Super typhoon Odette has demolished major portions of the middle and southern Philippines, putting six regions in a state of disaster: Mimaropa, Western Visayas, Central Visayas, Eastern Visayas, Northern Mindanao, and Caraga.
However, because of a lack of communication within the impacted areas and impassable highways connecting the several towns, distributing aid quickly has proven to be a huge issue.
This triggered a call from and for business and non-profit leaders to work together to help communities recover and develop smart responses to future disasters.
Bro. Henry Yunez, Country CEO of the Buddhist Compassion Tzu Chi Foundation Philippines, expressed gratitude for the “opportunity to interact with these groups,” adding that his organization welcomes volunteers and resources from all sectors because “there is no religion involved in what we are doing.”
Tzu Chi has visited nine towns in Bohol and 15 in Southern Leyte since the weather has cleared, allowing volunteers and rescue missions to enter the devastated areas. They’ve supplied thousands of liters of water and medicines to these areas, and they’re seeking for more generators to assist with water pumping. Rice will be distributed to around 20,000 families shortly after December 26.
Technology and transparency
When the Philippines was hit by Yolanda in 2013, one of the most powerful typhoons in history, Tzu Chi’s response to relief efforts was hailed as one of the most effective by civil society and government.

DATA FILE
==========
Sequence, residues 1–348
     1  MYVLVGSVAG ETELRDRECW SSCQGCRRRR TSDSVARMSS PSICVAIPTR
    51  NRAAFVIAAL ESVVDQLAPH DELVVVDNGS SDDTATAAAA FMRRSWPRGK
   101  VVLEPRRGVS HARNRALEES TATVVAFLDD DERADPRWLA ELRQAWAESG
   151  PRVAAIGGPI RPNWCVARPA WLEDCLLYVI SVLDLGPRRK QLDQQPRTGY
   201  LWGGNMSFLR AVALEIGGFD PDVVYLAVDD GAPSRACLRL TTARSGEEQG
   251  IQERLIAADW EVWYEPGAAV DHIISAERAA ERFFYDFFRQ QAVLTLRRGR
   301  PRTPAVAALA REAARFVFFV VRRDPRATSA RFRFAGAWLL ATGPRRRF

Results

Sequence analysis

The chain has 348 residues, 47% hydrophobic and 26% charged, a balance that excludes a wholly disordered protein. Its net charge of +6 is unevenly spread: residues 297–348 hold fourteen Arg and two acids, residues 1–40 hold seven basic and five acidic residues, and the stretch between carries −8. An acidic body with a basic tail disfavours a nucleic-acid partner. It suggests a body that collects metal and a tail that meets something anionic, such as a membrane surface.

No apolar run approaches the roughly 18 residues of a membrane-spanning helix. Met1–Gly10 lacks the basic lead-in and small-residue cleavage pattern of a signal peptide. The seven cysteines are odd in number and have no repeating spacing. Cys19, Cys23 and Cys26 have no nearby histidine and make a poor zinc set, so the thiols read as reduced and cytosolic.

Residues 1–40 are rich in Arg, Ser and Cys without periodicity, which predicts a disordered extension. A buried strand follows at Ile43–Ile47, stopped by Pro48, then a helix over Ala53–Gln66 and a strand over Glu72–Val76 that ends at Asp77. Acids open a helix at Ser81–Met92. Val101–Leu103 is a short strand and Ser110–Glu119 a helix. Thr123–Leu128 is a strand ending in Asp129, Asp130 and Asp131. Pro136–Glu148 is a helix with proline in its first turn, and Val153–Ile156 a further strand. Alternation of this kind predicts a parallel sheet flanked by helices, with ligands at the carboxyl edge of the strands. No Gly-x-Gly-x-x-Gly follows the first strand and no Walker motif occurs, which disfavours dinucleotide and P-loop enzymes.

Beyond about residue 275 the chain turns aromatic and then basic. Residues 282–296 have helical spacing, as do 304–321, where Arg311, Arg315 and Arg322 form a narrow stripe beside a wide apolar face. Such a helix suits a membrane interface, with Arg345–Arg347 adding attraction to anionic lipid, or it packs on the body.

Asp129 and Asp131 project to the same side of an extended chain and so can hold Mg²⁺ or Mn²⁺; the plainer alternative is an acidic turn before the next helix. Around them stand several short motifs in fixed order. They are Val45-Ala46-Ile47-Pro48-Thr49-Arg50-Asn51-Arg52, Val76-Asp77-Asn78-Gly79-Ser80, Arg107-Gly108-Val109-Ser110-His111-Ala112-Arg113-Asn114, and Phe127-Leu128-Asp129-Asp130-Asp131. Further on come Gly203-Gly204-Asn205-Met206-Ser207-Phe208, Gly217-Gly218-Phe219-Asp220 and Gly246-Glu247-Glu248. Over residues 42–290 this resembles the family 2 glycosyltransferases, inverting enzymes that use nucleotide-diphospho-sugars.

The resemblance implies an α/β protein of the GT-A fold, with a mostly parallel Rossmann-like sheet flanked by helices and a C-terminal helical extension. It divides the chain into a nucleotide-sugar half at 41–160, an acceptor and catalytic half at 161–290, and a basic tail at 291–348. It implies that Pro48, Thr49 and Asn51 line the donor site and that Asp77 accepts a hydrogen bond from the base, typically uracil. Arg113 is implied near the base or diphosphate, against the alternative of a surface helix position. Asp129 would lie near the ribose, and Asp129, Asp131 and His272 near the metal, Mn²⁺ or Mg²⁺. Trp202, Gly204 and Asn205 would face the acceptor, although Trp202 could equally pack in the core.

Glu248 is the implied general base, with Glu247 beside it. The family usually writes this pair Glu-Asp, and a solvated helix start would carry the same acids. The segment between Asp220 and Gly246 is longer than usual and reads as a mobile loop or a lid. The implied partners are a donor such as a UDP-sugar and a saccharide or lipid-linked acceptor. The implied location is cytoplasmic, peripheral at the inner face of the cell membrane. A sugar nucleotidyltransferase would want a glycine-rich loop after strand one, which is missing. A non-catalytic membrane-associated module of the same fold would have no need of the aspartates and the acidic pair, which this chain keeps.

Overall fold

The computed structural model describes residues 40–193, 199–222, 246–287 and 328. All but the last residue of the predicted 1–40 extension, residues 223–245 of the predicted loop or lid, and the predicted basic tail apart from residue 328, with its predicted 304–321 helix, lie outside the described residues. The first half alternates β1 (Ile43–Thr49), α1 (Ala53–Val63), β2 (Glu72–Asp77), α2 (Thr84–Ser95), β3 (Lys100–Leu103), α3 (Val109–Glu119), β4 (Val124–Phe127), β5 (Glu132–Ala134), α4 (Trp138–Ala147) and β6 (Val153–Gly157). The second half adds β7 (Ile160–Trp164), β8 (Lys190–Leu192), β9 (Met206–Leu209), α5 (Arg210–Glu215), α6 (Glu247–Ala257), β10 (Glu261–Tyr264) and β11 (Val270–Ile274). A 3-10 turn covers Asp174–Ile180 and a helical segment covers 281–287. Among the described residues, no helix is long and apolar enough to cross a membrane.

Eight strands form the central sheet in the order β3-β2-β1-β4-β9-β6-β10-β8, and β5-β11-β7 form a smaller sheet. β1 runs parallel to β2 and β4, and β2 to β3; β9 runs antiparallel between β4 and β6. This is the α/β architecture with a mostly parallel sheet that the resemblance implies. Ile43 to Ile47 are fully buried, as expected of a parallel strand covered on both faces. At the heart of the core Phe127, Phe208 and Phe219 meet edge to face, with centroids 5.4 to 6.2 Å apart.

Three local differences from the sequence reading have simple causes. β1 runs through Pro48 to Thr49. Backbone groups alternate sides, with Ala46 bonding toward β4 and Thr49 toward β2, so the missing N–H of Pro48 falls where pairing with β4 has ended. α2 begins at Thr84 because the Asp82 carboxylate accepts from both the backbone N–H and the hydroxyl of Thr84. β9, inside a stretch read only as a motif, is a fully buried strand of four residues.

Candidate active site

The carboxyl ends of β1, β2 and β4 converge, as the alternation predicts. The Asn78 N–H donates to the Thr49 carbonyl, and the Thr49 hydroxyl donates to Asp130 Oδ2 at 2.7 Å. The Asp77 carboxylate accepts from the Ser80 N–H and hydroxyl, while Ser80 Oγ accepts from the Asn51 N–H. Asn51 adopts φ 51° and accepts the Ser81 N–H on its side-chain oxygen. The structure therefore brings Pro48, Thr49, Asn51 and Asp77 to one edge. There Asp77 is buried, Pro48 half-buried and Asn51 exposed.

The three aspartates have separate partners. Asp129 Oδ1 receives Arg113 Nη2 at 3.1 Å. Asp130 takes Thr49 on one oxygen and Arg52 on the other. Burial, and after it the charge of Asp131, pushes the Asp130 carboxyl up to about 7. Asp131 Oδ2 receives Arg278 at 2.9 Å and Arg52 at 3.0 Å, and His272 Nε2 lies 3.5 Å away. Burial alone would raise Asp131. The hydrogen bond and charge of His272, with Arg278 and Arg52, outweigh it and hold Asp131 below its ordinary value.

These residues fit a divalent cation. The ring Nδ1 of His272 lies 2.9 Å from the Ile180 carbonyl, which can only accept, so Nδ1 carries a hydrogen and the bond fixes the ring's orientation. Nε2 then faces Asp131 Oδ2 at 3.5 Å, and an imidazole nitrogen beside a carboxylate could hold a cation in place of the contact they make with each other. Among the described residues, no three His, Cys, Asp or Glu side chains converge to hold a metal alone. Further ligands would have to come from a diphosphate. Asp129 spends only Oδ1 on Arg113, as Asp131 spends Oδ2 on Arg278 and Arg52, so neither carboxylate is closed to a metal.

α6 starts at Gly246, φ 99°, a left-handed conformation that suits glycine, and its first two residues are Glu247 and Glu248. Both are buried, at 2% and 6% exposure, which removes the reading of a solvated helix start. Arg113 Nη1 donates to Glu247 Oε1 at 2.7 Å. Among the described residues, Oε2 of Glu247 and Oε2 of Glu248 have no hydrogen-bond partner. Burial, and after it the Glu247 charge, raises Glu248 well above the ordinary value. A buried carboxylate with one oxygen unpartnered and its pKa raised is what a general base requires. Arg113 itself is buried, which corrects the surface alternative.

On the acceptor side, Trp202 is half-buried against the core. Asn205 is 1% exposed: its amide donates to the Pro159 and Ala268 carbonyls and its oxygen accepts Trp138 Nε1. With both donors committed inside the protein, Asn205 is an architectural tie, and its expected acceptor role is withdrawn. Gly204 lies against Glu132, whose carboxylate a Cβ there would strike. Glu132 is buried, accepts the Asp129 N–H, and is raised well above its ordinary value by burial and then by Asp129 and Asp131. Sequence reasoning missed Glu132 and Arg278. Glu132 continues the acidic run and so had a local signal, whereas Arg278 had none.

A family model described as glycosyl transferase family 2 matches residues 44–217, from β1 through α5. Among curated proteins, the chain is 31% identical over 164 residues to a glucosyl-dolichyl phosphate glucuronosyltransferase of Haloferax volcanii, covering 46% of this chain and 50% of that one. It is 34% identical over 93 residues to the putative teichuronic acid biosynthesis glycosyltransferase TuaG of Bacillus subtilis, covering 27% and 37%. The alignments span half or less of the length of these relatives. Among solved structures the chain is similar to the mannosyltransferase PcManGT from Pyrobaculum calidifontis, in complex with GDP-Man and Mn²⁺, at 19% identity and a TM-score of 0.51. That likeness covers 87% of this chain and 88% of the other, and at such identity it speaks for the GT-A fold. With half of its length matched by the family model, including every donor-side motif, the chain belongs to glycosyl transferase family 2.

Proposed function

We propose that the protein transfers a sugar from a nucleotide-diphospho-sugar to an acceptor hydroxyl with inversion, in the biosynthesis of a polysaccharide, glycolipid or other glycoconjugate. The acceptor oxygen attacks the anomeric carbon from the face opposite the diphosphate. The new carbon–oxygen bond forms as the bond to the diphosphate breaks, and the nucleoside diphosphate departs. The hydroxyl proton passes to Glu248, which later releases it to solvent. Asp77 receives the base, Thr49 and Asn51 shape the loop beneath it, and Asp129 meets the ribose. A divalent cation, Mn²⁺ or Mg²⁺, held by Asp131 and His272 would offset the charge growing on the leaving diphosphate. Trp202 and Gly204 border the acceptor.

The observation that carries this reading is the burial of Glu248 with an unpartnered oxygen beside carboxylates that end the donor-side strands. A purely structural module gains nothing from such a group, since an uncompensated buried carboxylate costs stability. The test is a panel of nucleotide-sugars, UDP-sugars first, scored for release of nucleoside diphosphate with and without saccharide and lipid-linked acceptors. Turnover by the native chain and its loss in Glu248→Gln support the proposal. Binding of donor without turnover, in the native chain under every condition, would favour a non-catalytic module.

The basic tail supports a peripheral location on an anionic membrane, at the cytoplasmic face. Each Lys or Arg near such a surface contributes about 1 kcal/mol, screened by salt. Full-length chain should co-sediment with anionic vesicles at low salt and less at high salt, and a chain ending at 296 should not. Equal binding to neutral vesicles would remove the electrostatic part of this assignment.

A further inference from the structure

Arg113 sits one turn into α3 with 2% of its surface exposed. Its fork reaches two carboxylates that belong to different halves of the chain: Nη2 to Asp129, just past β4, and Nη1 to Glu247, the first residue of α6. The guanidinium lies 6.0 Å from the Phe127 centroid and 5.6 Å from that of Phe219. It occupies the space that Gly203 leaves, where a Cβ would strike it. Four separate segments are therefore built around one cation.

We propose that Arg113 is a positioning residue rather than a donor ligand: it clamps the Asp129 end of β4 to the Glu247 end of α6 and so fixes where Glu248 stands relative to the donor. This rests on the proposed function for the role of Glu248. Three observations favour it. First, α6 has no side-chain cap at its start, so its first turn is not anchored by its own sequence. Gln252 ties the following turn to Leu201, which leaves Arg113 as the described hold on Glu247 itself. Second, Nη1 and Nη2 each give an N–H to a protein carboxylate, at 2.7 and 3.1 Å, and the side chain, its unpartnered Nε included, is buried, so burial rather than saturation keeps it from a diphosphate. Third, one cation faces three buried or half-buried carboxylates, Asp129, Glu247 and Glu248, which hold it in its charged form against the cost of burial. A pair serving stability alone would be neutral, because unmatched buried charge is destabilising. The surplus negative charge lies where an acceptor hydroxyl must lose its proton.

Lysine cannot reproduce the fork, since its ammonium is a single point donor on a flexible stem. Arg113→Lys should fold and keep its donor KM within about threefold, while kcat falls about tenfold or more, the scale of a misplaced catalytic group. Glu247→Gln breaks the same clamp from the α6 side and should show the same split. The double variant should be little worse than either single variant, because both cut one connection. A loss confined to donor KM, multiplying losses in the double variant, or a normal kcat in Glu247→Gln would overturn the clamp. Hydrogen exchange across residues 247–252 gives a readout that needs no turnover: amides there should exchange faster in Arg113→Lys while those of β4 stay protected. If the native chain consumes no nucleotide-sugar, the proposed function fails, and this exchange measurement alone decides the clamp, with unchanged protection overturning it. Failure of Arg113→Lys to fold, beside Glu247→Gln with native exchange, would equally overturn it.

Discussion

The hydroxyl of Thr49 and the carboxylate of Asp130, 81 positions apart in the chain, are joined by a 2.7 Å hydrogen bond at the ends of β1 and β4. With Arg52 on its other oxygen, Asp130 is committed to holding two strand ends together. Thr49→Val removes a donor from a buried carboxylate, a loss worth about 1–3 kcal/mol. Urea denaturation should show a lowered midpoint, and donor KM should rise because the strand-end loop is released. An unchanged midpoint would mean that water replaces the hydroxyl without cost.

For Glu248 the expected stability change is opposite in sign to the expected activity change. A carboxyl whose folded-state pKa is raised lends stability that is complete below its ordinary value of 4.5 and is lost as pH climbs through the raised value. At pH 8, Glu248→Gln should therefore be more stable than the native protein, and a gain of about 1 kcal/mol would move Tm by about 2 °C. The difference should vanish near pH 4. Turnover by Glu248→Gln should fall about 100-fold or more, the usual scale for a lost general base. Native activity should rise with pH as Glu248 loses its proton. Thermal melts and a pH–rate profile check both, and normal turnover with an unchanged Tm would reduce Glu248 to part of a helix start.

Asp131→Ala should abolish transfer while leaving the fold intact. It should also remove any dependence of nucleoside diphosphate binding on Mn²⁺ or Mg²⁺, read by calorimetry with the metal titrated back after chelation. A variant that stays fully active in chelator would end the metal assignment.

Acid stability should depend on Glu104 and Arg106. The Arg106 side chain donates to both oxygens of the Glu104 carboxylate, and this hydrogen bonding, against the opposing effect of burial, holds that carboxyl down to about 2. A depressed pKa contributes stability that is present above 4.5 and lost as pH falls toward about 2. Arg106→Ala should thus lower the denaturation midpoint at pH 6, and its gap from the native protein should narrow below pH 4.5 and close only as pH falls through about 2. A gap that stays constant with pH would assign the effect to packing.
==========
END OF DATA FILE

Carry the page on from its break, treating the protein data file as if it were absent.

Aside from collecting and transporting relief materials for the Odette victims, Amor Maclang, Digital Pilipinas Convenor, added that “big equipment and the building side of things” are also needed. A more “participative and transparent” collaboration of partners can take advantage of rapidly evolving technology such as fintech, e-commerce, and logistics to “transfer money faster” to those who need it most. Digital Pilipinas, a movement that uses technology to solve commercial and social problems, has previously assisted the Tzu Chi Foundation in “teching up their organization” “even before Odette,” according to Maclang. “Most significantly, we can use technology to demonstrate transparency in how money is spent.”
Industry experts from the real estate, logistics, construction, financial services, payments, and retail spaces attended Tzu Chi Foundation Philippine and Digital Pilipinas’ recent conference, “Typhoon Odette Relief Briefing and Response Planning.” It promoted ‘Bayanihan’ and a whole-of-nation, whole-of-society strategy to dealing with the Odette-affected areas.
The “meeting is not just for awareness, but for support, cooperation, and unity,” according to Cherrie Rose Ang, Admin Senior Officer of Tzu Chi’s Admin and Volunteer Affairs Department. Filipinos are staying in temporary shelters or evacuation centers days after Odette made nine landfalls across Visayas and Mindanao. “Children are walking out to the streets to ask for help,” Ang said of the condition reported by their volunteers. People are frantically trying to salvage anything they can from their damaged homes.”
Several of the companies featured in the webinar have already volunteered to help with the rescue attempts. According to Gladys Pascual, Etiqa’s Head of Strategy and Transformation, EtiqaCares is assisting with rehabilitation programs. Kim Lato, the founder of Kimstore, is teaming up with the Tzu Chi Foundation to arrange a fundraising campaign on their website. Meanwhile, Nauman Mustafa, CEO of Coins.PH, declared that “rather than buying Christmas gifts for our partners, we will instead contribute.”